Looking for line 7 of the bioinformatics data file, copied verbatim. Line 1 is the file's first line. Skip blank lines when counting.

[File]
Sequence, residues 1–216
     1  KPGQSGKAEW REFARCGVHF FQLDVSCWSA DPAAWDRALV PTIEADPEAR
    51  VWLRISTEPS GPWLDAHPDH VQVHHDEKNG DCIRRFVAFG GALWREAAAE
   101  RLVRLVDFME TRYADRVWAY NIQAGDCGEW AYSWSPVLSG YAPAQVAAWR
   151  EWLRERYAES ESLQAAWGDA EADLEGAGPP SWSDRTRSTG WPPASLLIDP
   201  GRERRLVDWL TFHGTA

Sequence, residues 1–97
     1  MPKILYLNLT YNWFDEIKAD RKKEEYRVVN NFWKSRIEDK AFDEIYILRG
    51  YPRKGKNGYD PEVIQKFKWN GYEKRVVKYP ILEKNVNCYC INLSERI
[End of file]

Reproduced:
Sequence, residues 1–97